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  #1  
Old 10-18-2018, 10:26 AM
Woolbury Woolbury is offline
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Default Pat Metheny last nite

Wonderful show from Pat last nite. He played with a quartet, Gwilym Simcock on piano, Linda Oh on bass, Antonio Sanchez on drums. They pulled songs from his entire catalogue, he mentioned he had 500 to choose from. We heard Bright Size Life, Phase Dance on up. Much of it electric with the Ibanez, some Synth guitar, but the acoustic moments stole the show for me. Mesmerizing pieces that transported you, achingly beautiful melodies. Sound was impeccable at the Newman Theater in Denver. A cool moment when he opened with his 42 string Pikasso guitar, in the middle of a passage I watched him reach over and tweak a tuner. I can't eeven imagine... True genius, really a treat to get to see him again.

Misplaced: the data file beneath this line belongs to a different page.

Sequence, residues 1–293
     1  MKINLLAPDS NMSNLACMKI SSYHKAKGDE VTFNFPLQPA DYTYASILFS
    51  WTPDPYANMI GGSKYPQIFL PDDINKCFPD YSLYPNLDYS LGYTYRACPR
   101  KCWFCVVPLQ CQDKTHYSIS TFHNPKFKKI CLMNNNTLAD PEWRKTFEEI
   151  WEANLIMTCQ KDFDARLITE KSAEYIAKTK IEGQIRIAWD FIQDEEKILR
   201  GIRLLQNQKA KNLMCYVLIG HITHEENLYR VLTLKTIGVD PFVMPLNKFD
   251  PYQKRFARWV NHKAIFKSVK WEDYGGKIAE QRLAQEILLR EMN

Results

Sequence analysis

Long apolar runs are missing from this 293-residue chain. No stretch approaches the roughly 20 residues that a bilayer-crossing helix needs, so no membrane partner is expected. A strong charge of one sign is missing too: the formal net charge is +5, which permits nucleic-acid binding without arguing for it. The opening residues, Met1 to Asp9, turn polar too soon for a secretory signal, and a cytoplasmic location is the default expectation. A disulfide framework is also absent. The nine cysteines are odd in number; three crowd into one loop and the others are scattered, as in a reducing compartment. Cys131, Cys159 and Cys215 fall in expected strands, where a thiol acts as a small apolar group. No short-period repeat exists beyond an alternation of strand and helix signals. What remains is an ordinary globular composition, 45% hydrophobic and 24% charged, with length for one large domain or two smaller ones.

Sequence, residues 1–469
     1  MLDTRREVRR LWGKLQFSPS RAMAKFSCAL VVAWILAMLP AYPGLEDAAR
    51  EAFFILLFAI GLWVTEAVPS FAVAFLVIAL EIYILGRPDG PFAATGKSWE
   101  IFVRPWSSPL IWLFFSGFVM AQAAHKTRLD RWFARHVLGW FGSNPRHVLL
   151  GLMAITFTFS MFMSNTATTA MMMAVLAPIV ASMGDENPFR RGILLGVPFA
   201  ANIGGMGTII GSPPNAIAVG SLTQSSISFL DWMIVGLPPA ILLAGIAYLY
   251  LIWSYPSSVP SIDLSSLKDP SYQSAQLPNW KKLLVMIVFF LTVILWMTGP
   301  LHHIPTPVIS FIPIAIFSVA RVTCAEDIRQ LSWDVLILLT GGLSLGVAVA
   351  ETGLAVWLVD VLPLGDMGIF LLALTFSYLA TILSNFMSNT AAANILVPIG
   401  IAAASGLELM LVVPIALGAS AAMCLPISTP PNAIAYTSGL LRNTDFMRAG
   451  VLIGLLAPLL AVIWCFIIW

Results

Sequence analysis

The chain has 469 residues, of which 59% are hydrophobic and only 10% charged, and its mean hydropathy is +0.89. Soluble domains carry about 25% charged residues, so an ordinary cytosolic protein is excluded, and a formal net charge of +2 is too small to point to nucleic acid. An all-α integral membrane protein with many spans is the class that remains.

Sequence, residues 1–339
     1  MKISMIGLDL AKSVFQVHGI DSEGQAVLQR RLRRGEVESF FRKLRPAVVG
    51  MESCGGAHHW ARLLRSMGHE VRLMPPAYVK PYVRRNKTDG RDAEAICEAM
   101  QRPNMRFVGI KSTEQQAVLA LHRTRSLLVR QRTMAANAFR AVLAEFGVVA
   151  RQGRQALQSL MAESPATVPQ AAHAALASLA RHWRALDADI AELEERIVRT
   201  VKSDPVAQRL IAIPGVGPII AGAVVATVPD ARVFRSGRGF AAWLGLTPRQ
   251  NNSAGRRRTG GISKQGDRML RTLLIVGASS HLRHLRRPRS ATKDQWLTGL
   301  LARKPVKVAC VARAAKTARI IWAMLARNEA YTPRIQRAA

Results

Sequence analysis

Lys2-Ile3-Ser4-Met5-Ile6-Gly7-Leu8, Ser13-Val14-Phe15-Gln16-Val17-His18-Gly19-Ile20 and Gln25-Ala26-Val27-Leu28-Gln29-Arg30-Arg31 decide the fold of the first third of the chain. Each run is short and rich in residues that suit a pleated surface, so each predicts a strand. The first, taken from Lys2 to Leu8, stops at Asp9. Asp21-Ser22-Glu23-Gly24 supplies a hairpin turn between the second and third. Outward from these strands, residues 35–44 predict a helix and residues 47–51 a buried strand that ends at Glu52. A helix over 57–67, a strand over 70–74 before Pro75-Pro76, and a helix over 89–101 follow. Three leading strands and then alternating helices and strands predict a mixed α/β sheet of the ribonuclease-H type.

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Old 10-18-2018, 10:30 AM
jaymarsch jaymarsch is offline
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I haven't seen him in years. Thanks for the reminder. I may have to check his tour schedule. Sounds like a great group of musicians backing him up. What a treat!

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Old 10-18-2018, 01:30 PM
tippy5 tippy5 is offline
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ENjoyed the few shows I saw him do 30 years ago.
You're right about being melodic.
He hears, executes and gives us plenty to hang our musical hat on.
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Old 10-18-2018, 11:48 PM
Birdbrain Birdbrain is offline